Does Your Small Business Have Enough Insurance? By Melinda F. EmersonSo what triggers the need for business insurance? When you are renting a property, a landlord will often require a general liability policy as part of your lease agreement. If you are doing business with a Fortune 500 company, you will often be required to have general liability insurance with at least $1,000,000 in coverage. If you are consulting or providing expert advice you could be required to have errors and omission insurance. But too many small business owners overlook key insurance needs.
Alice Niles, President of A. P. Orleans Risk Management said small business owners need to make sure they are properly insured. “You should manage your risk, you should not let it manage you. It’s what you don’t know that always hurts you”, said Ms. Niles.
Hiscox insurance expert Kevin Kerridge said, “You actually don’t have to make a mistake to have your company sued, the insurance could cover the cost to defend your business reputation.”
Edmund C. Nelson of State Farm Insurance, suggests that you check with your existing insurance agent about what is available first, and if they are unable to cover you for certain specialty insurance needs, they can provide a referral to another provider. The good news is that business insurance is not terribly expensive. There are a host of internet providers that provide business insurance at affordable prices. Here is a list of the types of insurance you may want to consider for your business
- General Liability Insurance: This insurance covers products, completed operations, and premises operations. So if you are a restaurant and someone gets food poisoning you are covered. Or, if you build a new floor in a home, and the floor warps because of the way it was installed, you are covered. If you rent a facility and someone falls and gets hurt, you are covered.
- Errors and Omissions Insurance: This professional liability insurance covers anyone who presents themself as an expert and provides advice or consulting services. If a project goes poorly and the client sues, you will be covered for your legal fees and defense costs. For an average $1,200 per year cost, you could have $1,000,000 worth of professional liability coverage or more.
- Auto insurance: Commercial auto insurance is needed if the vehicles are owned by your company and operated by employees or yourself to do business. You should also consider adding, a hired and non-owned automobile liability rider. This is in case, you or an employee rents or borrows a car to do business during work hours, and someone is hurt by the vehicle, you will be covered.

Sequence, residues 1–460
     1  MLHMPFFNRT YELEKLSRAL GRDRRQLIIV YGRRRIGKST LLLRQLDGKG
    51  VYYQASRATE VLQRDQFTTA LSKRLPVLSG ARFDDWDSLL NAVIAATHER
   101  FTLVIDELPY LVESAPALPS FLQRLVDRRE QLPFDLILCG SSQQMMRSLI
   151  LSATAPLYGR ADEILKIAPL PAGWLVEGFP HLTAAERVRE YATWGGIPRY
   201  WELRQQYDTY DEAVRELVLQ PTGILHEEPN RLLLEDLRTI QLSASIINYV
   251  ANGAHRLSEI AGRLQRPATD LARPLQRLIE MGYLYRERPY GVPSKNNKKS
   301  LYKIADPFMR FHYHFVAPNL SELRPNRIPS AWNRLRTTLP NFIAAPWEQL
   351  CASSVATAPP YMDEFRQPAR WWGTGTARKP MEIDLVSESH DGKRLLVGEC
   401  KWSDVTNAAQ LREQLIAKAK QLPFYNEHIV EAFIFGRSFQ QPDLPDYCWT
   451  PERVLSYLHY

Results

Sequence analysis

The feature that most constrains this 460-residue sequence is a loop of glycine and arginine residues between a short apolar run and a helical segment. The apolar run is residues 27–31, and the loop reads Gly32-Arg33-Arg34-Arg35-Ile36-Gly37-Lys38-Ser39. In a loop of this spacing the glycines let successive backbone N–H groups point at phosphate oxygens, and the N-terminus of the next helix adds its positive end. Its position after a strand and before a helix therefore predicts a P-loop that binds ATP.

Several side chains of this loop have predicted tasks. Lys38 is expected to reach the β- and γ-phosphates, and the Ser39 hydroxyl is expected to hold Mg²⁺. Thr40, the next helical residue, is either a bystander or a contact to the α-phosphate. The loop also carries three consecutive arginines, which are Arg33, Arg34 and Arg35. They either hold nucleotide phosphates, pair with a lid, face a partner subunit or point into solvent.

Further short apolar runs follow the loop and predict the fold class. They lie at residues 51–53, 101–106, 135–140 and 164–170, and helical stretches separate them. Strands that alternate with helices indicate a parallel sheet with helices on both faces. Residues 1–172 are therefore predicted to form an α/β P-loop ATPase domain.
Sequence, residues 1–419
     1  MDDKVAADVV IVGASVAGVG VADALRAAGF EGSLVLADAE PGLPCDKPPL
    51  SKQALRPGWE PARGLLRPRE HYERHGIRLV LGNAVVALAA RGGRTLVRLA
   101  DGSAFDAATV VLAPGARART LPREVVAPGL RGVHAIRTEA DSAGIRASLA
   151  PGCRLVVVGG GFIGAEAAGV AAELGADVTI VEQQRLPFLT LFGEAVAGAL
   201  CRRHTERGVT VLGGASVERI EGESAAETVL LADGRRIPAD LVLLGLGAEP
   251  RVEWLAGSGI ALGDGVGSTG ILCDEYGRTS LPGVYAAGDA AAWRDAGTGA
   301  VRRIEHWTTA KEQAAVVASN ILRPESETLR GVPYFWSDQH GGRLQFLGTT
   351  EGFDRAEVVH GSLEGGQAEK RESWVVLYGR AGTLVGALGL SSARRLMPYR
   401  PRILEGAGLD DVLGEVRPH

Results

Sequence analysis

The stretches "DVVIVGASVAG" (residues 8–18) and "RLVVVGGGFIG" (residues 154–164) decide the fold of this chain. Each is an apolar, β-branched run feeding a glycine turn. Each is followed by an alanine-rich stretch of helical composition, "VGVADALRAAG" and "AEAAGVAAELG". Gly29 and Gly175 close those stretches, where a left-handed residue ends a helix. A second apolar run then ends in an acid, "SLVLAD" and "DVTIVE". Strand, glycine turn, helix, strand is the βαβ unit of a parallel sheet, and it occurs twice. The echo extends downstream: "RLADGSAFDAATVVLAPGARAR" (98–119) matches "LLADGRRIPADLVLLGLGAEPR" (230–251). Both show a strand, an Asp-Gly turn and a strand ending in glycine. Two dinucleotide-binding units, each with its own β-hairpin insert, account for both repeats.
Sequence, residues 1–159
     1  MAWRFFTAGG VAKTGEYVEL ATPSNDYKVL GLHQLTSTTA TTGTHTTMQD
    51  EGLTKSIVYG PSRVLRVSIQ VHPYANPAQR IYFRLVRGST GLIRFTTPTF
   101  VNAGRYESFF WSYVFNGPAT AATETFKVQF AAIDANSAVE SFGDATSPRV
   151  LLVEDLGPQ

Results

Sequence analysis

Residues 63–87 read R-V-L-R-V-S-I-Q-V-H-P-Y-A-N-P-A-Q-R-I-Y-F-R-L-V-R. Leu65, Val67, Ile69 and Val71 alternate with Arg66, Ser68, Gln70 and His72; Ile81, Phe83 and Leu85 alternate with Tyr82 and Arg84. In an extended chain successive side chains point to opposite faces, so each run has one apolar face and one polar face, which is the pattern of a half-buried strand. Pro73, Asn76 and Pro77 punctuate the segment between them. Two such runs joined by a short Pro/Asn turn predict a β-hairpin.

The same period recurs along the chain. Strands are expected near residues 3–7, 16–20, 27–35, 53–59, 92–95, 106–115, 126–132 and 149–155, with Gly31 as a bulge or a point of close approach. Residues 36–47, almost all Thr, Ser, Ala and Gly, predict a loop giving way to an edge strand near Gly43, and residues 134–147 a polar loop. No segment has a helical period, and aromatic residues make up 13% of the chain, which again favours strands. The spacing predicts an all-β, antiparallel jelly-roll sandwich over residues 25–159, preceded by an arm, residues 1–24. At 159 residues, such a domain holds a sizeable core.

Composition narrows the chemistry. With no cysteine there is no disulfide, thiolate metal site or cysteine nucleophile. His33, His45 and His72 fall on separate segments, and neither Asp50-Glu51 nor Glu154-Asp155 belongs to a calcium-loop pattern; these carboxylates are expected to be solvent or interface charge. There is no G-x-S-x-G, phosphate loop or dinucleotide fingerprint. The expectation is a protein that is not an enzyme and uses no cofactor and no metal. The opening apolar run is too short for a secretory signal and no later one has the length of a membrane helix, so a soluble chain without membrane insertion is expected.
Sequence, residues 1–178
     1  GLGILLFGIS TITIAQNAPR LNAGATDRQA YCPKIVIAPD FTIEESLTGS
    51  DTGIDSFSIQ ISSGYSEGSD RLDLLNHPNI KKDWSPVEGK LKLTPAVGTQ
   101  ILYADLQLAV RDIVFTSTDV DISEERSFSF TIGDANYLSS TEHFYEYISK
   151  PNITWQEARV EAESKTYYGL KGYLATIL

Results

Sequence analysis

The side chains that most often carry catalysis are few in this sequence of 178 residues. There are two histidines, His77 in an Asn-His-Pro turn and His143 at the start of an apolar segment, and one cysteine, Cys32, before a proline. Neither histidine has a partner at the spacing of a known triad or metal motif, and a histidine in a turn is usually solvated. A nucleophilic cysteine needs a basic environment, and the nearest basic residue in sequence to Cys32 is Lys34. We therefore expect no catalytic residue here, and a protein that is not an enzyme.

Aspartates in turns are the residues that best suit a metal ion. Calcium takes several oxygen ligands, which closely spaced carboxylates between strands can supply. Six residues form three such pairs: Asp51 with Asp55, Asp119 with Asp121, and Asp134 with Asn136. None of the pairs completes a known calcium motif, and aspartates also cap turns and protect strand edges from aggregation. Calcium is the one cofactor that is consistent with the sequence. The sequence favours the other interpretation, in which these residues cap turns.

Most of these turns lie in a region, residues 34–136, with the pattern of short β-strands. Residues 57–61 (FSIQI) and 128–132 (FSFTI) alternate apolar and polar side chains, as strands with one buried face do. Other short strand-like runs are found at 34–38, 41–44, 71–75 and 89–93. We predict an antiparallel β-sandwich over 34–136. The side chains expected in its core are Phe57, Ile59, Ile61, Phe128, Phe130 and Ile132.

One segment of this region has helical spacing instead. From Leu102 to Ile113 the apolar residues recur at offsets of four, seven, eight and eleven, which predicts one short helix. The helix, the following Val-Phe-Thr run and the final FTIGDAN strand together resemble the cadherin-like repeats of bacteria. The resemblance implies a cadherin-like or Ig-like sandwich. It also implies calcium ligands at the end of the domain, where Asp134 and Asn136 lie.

- Worker’s compensation insurance: It is the law; you must have this insurance if you have employees. The pricing is regulated by the state you operate in. If you do not collect certificates of insurance from all 1099 or subcontractors, you will be liable for them on your insurance policy. Ms. Hines added, “Worker’s compensation policies are subject to audit. If you can’t prove your subs have insurance, you will have to pay for them under your worker’s compensation policy”.
- Employment Practices Liability Insurance: This extra insurance covers incidents like sexual harassment, discrimination, hostile workplace claims, and unfair employment practices.
- Medical malpractice insurance: If what you do is FDA regulated, you could be subject to medical malpractice insurance.
- Commercial Excess Liability insurance: This is extra insurance if you exceed the limits on your general liability policy or commercial auto policy. It typically costs $300 per year for $1,000,000 more coverage.
- Cyber Theft of your Business Bank Account: Over $1 billion a year is stolen from business bank accounts, according to Bloomberg News. Seventy-three percent are stolen via fraud attacks. There’s a new product on the market that will cover your commercial business account against cyber theft or fraudulent wire transfers. Under the current banking laws, FDIC insurance doesn’t cover small business bank fraud, it only covers you against your bank becoming insolvent. The Commercial Deposit Insurance Agency is providing this insurance and will cover up to $50,000 for a premium of $175.00 per year.